9th January 2018

Your site’s true value. Measuring beyond ‘hits’.

Many website owners fail to recognise the value of their sites and online community.

Without the right experience or information, owners can potentially under or over value their real estate. Undervaluing it could mean not generating their maximum potential, while over valuing could lead to a large in investment with little to no return.

If you are in the process of working out the value of your site, and what ways are available to you for revenue generation then consider dropping me a line at

In this post I’m going to highlight four metrics you should consider, taken from my recent ‘Maximising your digital revenues’ talk, recently delivered at the SOLD Conference.

Most people will be aware of the phrase ‘website hits’, ‘visitors’ and ‘unique visitors’ used to measure the success, value and financial opportunities of a website.

Although a large quantity of visitors is certainly an encouraging sign for a website, it is not the only measurement to consider, plus remember quantity does not mean quality, and the quality of your visitors impacts on its value.

You may have also heard the phrase ‘page ranking’, and although it sounds great to have a high page ranking, bear in mind that rankings differ from location, and computer due to localisation and personalisation settings of search engines and users. You may, therefore, be pleased to know that these are not the only measurements you can make to evaluate the value of your digital real estate, especially those who have a more average visit rate.

Bounce rate

Bounce rate is a term used in web analytics. Meaning the percentage of visitors who access your site and then leave without viewing other pages.

If you are using tools such as Google Analytics, you can measure your bounce rate. Does a user access your site and move on without taking a look through? If a site boasts 5,000 unique visitors a month, it may have a bounce rate of 95%. This means that the site is engaging 250 unique visitors per month (which may or may not be a substantial number, depending on your measurement criteria – but it’s certainly more accurate than if merely considering total unique visitors).

Targeted traffic on a site with an average visit rate but low bounce rate is much more valuable than huge low quality traffic numbers. Plus, for many years there have been services to inflate your visit/traffic rate that ‘generate’ visits to your site using methods such as pop unders, iframes and other embedding techniques to build up the numbers. This is where a bounce rate can be very useful to sift out the rubbish.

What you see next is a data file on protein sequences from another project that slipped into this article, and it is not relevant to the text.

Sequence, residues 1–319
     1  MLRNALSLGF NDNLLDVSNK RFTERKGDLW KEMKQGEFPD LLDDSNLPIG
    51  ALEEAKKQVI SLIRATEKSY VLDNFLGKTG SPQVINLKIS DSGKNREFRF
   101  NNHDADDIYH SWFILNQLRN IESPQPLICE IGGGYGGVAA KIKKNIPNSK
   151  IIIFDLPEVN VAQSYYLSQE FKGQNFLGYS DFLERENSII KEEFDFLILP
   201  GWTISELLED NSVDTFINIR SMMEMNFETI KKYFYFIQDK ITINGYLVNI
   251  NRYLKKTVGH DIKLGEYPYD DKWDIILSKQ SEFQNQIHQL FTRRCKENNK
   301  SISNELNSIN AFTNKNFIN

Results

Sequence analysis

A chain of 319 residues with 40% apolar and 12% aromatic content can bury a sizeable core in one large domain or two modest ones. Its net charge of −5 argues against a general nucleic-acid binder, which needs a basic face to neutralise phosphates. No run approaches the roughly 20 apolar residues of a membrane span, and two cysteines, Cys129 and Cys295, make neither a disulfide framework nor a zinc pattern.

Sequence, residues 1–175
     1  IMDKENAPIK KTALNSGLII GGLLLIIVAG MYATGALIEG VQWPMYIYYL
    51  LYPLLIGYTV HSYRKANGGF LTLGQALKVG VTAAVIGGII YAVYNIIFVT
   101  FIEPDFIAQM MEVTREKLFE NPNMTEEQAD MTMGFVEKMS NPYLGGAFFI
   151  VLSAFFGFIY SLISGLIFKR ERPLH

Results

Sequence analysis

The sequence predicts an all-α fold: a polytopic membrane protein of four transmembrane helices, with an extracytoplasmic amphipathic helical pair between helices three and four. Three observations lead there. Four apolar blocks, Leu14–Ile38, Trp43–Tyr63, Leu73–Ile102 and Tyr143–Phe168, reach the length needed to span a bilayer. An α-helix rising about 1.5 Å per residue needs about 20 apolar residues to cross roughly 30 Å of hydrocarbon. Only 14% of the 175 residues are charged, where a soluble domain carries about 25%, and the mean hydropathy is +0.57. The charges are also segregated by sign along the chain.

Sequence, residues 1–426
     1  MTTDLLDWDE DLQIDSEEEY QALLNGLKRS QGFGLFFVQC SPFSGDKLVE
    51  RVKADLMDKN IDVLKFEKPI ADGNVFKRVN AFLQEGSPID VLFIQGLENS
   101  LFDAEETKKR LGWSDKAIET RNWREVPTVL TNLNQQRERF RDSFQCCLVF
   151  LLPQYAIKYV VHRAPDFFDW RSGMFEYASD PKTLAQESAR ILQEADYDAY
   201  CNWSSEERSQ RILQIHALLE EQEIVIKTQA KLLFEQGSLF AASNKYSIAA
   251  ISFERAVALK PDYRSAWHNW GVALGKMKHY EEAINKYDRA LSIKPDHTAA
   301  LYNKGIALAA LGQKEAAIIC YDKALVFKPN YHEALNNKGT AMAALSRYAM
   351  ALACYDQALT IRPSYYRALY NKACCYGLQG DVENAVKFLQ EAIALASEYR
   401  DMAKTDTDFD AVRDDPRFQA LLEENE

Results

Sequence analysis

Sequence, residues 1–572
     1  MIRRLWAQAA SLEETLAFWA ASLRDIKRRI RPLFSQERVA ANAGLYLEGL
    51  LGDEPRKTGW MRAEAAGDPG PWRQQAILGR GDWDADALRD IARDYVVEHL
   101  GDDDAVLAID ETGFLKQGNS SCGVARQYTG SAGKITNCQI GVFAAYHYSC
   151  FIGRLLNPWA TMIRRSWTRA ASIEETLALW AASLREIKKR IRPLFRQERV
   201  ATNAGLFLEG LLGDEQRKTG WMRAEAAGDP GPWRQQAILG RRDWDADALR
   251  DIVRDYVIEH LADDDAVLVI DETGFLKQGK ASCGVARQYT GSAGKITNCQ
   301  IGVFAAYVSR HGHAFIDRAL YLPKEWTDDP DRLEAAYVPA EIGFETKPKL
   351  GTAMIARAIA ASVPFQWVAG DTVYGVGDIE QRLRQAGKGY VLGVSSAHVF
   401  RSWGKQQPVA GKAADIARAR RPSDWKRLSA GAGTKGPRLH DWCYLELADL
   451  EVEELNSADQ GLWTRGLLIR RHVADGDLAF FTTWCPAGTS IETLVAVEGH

Dwell time on page/site

How long does a user spend on a particular page? This can be useful in finding out if the user is simply skimming, or is actually reading and/or interacting with your content – especially if you allow commenting. Does your content keep users occupied and engaged? If so, then again you are doing something right! Credible content from a trusted source creates a valuable lead in that individual, and adds value to your website. The same applies to the dwell time on your overall site. For content rich sites that include blogs and other articles of content, the higher the site and page dwell time, the better.

Page views per visit

A number of page views per visit on your site is a good indicator of user engagement. It can suggest valuable content, and an information rich site that hold visitor attention. However, be sure to check users’ routes through your site as sometimes they can indicate a poorly designed site structure.

For example, how long are they spending on each page? Are they clicking through ten pages just to find the information they want to? (Check out the dwell time per page and visit and consider the amount of information on each viewed page).

The more quality page views per visit, the more credibility your site has, and the more value it has to those wishing to get exposure.

Repeat visitors

If people are coming back, then you are doing something right. This means you are offering content or services that they value and trust. You are building up more credibility with these users, thus other services or advertisements you serve to them can be better received rather than playing the numbers game.

If you are in the process of working out the value of your site, and want to know about about what ways are available for revenue generation, just drop me a line at

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